Emma Cocker is a writer-artist based in Sheffield and Reader in Fine Art at Nottingham Trent University. Operating under the title Not Yet There, her research enquiry focuses on the process of artistic endeavour, alongside models of (art) practice and subjectivity that resist the pressure of a single, stable position by remaining wilfully unresolved. Cocker’s work unfolds restlessly along the threshold between writing/art. Whilst embracing the potential of the essayistic (as a tentative effort or trial), her writing includes experimental, performative and collaborative approaches to producing texts parallel to and as art practice. Cocker's recent writing has been published in Failure, 2010; Stillness in a Mobile World, 2010; Drawing a Hypothesis: Figures of Thought, 2011; Hyperdrawing: Beyond the Lines of Contemporary Art, 2012; Reading/Feeling (Affect), 2013; On Not Knowing: How Artists Think, 2013; and as a solo collection entitled The Yes of the No, 2016. She is currently a key-researcher on the project Choreo-graphic Figures: Deviations from the Line, with the artistic research findings published as an accompanying artists' book/research compendium, 2017.

Publication: Making Room for Manoeuvre



MAKING ROOM FOR MANOEUVRE;
or,
Ways of Operating along the Margins

Guide against guidesBeating the bounds Skirting the centre
As needs musterKnowledge of the marginsRehearsing spaces
Finding the gapsOn being left openGet involvedDrift
GleanBe GuilefulBetween you and me


I am currently working on a text for the forthcoming publication, Manual for Marginal Places, which is being shaped around the following structure (above). This project extends the concerns and format developed within my earlier text The Yes of the No!, in order to reflect more specifically on how an inhabitation of 'margins' or the development of marginal practices might be used tactically to undercut the logic and values of the centre - where centre signals towards both the major (the dominant order) and the moderate (the medium, the mediocre, the middle-ground). The work draws on various user's guides or manuals including (amongst other things): Baden-Powell's Scouting for Boys, Michel de Certeau’s The Practice of Everyday Life, Georges Perec's Species of Spaces and Other Pieces, Krauss/Bois Formless: A Users Guide, various philosophies that seem to offer pragmatic programmes for developing one's 'life as a work of art' through the cultivation of ethico-aesthetic 'ways of operating' (specifically Deleuze and Guattari's conceptualization of 'minor' practice) and work by Detienne and Vernant on cunning intelligence (metis) within Ancient Greek culture with its attendant form of productive knowledge (techné) and opportune mode of time/timing (kairos).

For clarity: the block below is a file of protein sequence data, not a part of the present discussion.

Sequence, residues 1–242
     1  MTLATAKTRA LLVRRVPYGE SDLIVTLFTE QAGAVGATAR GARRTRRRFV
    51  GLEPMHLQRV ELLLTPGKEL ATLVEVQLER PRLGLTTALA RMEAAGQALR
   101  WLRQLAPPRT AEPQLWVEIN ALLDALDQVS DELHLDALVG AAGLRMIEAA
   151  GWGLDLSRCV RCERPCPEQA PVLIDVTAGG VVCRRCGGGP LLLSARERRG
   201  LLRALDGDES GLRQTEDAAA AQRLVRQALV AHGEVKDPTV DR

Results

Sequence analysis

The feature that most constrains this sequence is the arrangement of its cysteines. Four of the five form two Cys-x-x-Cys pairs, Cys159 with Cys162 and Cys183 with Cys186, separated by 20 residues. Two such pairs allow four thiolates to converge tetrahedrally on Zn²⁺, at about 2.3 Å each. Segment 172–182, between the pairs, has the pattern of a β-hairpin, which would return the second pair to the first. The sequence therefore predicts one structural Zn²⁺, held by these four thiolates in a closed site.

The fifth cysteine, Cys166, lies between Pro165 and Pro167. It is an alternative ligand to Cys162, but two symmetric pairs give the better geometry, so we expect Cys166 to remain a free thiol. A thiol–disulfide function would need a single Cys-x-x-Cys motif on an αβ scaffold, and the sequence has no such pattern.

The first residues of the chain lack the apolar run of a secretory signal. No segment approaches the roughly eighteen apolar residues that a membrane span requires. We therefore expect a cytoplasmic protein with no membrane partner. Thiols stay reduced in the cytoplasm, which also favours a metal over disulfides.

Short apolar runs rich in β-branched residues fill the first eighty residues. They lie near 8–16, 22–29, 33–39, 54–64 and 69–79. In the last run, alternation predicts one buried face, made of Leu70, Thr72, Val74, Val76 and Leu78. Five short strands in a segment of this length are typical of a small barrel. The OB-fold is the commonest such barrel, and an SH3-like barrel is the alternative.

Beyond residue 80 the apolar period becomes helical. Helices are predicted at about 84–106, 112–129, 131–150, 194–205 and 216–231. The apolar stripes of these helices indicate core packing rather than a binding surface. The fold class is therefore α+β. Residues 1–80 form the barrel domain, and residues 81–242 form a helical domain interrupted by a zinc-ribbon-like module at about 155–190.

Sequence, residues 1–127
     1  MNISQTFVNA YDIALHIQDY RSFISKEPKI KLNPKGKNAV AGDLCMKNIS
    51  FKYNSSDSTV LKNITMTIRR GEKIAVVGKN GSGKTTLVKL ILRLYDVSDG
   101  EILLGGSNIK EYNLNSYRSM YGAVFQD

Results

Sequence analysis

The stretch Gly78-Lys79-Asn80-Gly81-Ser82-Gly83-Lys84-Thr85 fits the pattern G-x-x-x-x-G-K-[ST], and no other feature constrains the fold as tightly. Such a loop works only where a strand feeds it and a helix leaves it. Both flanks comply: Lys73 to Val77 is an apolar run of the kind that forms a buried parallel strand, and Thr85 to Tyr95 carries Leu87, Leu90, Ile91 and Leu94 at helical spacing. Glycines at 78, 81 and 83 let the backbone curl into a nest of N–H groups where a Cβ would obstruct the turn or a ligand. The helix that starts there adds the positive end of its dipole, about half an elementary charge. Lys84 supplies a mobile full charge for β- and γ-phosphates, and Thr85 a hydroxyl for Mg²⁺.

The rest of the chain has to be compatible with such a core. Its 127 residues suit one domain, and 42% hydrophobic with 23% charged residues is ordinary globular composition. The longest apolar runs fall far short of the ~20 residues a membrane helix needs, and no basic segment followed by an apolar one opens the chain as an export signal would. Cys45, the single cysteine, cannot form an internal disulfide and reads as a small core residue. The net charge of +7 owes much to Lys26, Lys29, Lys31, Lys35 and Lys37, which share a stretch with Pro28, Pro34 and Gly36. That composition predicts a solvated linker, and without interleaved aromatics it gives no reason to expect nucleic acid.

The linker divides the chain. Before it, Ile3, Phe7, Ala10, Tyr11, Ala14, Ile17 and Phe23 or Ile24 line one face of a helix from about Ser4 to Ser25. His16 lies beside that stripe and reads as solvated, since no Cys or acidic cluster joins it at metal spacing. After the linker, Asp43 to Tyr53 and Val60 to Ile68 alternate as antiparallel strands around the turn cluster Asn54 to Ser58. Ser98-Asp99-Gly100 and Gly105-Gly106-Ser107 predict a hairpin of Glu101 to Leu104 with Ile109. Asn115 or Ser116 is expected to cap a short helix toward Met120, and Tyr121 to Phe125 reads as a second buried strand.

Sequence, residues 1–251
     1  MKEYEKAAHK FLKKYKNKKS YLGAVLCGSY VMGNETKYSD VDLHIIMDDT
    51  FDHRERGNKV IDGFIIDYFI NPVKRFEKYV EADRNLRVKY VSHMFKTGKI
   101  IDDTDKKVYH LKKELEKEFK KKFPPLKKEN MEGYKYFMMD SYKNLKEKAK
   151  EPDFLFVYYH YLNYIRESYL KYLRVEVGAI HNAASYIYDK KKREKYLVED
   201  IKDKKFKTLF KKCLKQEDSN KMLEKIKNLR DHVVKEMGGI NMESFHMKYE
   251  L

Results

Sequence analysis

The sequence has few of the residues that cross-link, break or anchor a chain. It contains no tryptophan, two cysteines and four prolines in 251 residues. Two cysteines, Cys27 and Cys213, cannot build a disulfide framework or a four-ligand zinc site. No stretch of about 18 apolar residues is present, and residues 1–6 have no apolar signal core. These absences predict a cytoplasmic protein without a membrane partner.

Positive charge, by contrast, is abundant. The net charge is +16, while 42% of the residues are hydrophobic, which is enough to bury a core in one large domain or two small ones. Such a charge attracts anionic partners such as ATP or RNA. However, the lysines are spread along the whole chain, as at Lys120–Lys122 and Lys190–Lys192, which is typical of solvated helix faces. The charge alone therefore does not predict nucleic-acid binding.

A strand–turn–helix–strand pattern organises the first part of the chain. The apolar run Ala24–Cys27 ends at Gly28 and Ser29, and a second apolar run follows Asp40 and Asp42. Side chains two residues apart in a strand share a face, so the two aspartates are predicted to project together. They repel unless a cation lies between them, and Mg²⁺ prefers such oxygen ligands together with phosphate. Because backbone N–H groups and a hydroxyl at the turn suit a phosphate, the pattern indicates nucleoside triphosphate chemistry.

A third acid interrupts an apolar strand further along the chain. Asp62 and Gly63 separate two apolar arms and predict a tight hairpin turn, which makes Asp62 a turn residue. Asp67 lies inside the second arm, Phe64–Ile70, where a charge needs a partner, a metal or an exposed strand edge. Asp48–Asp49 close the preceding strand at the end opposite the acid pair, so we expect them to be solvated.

My own involvement in the Urban Retreat project was as an artist-writer, where I was invited by Mellor to produce a text that would elaborate or elucidate some of the concerns and issues – the threads, themes and even theories – emerging from within the project. My text, alongside other fragments, materials, images and reflections generated through the project, have since been collated by Mellor as the basis of a bookwork entitled The Manual for Marginal Places (published by Close and Remote, Spring 2011).  







My writing was informed by the live engagement and participation in other Urban Retreat events and through time spent in the Barrow-in-Furness landscape, alongside an ongoing exchange of postal correspondence between Mellor and myself. The text was thus produced as a response to – or through – various embodied encounters experienced within Barrow – the challenge of ‘street training’ with Lottie Child; a dérive through the town’s industrial margins with Laura Oldfield Ford; looking for (un)likely nightly shelter with Mellor; waking early and walking bare foot to Piel Island, warily in the gap of time before the tide turned; a night lodging in the tenement flats, the once-residence of Barrow’s dock-working community; the inimitable taste of hand-picked samphire and of rosehip and of found yellow plums; mild sea-sickness; a fear of quicksand; the acrid smell of piss that hits you from within the many military pill boxes that litter the shoreline; the conversation about the best places to climb, whilst sitting on that curb, with that girl on a bike, when everyone else had gone.